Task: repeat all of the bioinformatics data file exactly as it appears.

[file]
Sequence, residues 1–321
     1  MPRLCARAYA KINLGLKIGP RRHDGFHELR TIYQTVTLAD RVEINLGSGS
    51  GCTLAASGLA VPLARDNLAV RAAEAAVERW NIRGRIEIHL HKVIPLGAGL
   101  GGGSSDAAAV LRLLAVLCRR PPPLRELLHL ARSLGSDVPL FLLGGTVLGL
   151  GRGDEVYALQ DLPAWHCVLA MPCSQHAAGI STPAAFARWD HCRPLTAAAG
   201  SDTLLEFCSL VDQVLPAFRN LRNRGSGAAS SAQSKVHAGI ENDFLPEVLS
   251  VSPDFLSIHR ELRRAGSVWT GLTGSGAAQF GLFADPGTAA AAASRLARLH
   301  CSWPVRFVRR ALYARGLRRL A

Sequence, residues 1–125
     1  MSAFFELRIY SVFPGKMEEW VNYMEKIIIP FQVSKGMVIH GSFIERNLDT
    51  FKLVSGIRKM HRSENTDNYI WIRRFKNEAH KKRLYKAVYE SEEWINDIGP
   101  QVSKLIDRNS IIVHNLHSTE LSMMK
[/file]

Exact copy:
Sequence, residues 1–321
     1  MPRLCARAYA KINLGLKIGP RRHDGFHELR TIYQTVTLAD RVEINLGSGS
    51  GCTLAASGLA VPLARDNLAV RAAEAAVERW NIRGRIEIHL HKVIPLGAGL
   101  GGGSSDAAAV LRLLAVLCRR PPPLRELLHL ARSLGSDVPL FLLGGTVLGL
   151  GRGDEVYALQ DLPAWHCVLA MPCSQHAAGI STPAAFARWD HCRPLTAAAG
   201  SDTLLEFCSL VDQVLPAFRN LRNRGSGAAS SAQSKVHAGI ENDFLPEVLS
   251  VSPDFLSIHR ELRRAGSVWT GLTGSGAAQF GLFADPGTAA AAASRLARLH
   301  CSWPVRFVRR ALYARGLRRL A

Sequence, residues 1–125
     1  MSAFFELRIY SVFPGKMEEW VNYMEKIIIP FQVSKGMVIH GSFIERNLDT
    51  FKLVSGIRKM HRSENTDNYI WIRRFKNEAH KKRLYKAVYE SEEWINDIGP
   101  QVSKLIDRNS IIVHNLHSTE LSMMK